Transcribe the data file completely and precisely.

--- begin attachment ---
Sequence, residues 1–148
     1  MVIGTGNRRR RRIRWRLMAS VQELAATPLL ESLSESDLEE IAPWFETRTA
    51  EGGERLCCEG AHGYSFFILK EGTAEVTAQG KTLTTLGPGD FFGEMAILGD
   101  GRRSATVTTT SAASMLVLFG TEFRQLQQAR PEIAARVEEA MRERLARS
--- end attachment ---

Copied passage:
Sequence, residues 1–148
     1  MVIGTGNRRR RRIRWRLMAS VQELAATPLL ESLSESDLEE IAPWFETRTA
    51  EGGERLCCEG AHGYSFFILK EGTAEVTAQG KTLTTLGPGD FFGEMAILGD
   101  GRRSATVTTT SAASMLVLFG TEFRQLQQAR PEIAARVEEA MRERLARS